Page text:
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This 216 message thread spans 8 pages: < < 216 ( 1 2 3 4 5 [6] 7 8 > >     
Panda key algo changes summarized
pontifex




msg:4289430
 10:18 am on Mar 30, 2011 (gmt 0)

Folks, I have been reading a lot, thinking a lot and analyzing a lot. I am still not sure, how to get the US traffic back to pre-24th of February levels! But I think it is time to summarize the key theories of the algo change in the US:

- Internal links devalued, only external count really

- Thin pages cause substantial bigger problems for a domain

- Duplicate content snippets on your page cause substantial bigger problems

- Too many external named links "widget keyword" instead of "more..." (eg) cause penalties


are what kept me working in the past 4 weeks. Do you have some additional meme?

P!

 

crobb305




msg:4304938
 6:21 pm on Apr 27, 2011 (gmt 0)

I took a look at a few patents and now it's getting all clear


2macarena

Good move :) That is what everyone should be doing. I firmly believe that the secret is in the sauce.

For anyone interested in researching the patents or just reading bullet summaries, [seobythesea.com...] does an outstanding job. Their documentation, analyses, and summaries have been referenced on WebmasterWorld many, many times. The patents are impractical to read line by line (it would be hundreds/thousands of pages over the past 10 years); but the summaries can really get you thinking the way Google thinks (statistically and non-linear).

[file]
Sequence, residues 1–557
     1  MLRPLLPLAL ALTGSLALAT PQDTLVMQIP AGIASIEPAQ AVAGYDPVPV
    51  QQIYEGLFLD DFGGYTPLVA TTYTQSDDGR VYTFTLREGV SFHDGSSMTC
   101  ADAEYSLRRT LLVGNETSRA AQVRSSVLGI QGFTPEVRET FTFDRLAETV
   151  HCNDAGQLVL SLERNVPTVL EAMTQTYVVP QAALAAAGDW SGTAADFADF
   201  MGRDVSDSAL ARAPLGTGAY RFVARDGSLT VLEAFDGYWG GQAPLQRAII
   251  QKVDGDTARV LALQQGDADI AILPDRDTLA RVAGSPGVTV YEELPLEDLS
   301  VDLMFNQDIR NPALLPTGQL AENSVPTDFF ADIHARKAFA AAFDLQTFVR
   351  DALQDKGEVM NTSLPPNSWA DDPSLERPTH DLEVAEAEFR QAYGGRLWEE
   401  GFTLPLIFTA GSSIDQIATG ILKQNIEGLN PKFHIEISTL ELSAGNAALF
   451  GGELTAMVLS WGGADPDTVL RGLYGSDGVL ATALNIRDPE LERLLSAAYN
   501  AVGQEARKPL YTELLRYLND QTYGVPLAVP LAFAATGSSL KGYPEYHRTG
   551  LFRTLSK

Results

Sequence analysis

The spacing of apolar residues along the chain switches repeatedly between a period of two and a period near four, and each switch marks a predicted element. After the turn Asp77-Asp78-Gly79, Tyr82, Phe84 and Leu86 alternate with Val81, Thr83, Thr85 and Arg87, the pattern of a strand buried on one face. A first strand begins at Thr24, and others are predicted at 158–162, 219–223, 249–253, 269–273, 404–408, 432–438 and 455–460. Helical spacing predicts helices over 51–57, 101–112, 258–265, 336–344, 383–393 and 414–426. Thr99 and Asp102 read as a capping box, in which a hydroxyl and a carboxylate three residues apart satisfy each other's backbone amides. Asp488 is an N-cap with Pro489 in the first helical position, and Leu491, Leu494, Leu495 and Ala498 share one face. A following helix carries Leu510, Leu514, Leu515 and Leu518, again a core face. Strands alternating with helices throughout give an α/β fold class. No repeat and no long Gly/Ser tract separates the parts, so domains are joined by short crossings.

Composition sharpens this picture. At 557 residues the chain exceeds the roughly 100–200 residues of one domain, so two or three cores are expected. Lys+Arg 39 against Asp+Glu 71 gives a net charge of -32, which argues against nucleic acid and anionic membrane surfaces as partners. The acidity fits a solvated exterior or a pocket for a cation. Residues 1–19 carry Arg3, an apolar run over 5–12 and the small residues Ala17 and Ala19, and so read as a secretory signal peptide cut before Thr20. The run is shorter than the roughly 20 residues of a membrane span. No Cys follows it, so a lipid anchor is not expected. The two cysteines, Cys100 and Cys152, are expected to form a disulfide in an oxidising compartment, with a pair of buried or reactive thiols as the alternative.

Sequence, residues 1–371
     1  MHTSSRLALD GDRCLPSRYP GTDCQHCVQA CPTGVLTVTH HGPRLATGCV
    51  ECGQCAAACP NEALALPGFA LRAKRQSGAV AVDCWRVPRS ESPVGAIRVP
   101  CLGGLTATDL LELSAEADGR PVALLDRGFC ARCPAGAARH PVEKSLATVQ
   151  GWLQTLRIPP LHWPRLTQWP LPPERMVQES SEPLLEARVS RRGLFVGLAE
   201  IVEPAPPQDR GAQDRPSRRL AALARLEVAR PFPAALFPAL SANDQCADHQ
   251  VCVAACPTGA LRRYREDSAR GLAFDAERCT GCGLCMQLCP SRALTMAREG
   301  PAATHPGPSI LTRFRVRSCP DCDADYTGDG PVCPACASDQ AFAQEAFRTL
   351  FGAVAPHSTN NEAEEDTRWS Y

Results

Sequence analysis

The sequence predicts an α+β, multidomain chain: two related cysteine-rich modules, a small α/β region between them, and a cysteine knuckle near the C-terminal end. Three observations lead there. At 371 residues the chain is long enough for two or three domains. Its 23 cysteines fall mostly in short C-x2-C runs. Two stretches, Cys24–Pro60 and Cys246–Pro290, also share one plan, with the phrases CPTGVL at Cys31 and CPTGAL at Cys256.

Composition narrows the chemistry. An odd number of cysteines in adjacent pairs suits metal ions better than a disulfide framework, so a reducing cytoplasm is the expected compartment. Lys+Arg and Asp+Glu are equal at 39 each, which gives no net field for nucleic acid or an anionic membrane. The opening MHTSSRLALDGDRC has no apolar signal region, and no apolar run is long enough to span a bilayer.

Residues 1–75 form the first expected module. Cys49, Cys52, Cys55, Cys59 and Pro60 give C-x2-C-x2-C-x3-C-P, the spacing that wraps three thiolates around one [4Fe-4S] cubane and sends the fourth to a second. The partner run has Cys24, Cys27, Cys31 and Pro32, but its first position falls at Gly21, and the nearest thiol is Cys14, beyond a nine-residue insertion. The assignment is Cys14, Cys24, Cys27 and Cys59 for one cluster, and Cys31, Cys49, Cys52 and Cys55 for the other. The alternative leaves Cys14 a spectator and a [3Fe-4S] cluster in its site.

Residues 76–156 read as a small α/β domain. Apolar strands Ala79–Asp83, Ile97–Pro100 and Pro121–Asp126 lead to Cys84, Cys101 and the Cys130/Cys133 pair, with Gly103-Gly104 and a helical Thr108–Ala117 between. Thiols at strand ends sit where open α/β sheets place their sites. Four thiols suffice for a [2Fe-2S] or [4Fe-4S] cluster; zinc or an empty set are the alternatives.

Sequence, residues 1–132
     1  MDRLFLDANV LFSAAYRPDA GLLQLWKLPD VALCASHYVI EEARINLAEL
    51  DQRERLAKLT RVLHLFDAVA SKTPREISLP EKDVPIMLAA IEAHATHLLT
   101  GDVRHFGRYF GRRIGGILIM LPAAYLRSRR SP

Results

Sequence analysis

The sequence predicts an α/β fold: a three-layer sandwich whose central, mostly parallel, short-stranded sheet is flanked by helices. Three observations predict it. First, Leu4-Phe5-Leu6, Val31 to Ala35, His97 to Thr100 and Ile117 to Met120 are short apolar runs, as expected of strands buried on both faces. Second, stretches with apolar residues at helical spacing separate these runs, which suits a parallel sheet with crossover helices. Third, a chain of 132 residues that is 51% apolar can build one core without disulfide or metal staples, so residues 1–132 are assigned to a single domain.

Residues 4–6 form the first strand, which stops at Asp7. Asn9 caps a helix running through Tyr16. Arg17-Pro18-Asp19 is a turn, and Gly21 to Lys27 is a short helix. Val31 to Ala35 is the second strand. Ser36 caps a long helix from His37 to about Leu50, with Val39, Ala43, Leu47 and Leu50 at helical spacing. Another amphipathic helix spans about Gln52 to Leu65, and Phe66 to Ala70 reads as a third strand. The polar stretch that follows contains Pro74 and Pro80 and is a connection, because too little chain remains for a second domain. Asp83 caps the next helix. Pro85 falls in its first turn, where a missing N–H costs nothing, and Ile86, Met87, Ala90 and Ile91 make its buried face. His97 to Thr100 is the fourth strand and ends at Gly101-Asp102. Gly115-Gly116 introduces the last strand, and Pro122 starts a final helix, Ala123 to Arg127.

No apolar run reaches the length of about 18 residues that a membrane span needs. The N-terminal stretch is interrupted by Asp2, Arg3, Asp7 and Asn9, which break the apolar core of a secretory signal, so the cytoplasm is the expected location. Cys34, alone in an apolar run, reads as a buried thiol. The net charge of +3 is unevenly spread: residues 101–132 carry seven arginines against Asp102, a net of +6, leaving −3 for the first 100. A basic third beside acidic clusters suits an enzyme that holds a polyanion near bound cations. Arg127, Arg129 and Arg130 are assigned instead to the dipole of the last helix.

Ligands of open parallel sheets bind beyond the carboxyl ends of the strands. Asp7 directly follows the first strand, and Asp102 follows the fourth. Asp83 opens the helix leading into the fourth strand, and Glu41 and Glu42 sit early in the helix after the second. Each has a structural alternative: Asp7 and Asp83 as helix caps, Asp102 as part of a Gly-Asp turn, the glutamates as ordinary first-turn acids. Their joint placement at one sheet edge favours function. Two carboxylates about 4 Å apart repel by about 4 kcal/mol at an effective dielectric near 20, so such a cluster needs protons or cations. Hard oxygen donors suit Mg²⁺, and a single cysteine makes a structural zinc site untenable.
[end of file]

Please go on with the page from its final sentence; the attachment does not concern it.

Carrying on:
Also, here are some of those patents you mentioned:
"Document Scoring Based on Document Inception Date" filed on Nov. 20, 2006 (by Matt Cutts)
"Document Scoring Based on Document Content Update" filed on Nov. 21, 2006
"Document Scoring Based on Query Analysis" filed on Nov. 22, 2006
"Document Scoring Based on Link-Based Criteria" filed on Nov. 30, 2006
"Document Scoring Based on Traffic Associated With a Document" filed on Nov. 30, 2006
"System and method for modulating search relevancy using pointer activity monitoring" filed on July 13, 2010

Jane_Doe




msg:4305056
 10:13 pm on Apr 27, 2011 (gmt 0)

While sites I haven't touched for 2 years that I couldn't give a crap about have been given a boost.


I have the same experience. I have a small site that has not been updated in years ranking in the top 20 spots where many of the other spots are national magazines or nonprofits. The magazine above my site in the serps for a reasonably competitive two word term has 9 million backlinks in Yahoo. My site has less than 30 backlinks for the whole site. Thirty backlinks versus 9 million, and those 9 million include many national magazines and other authority sites.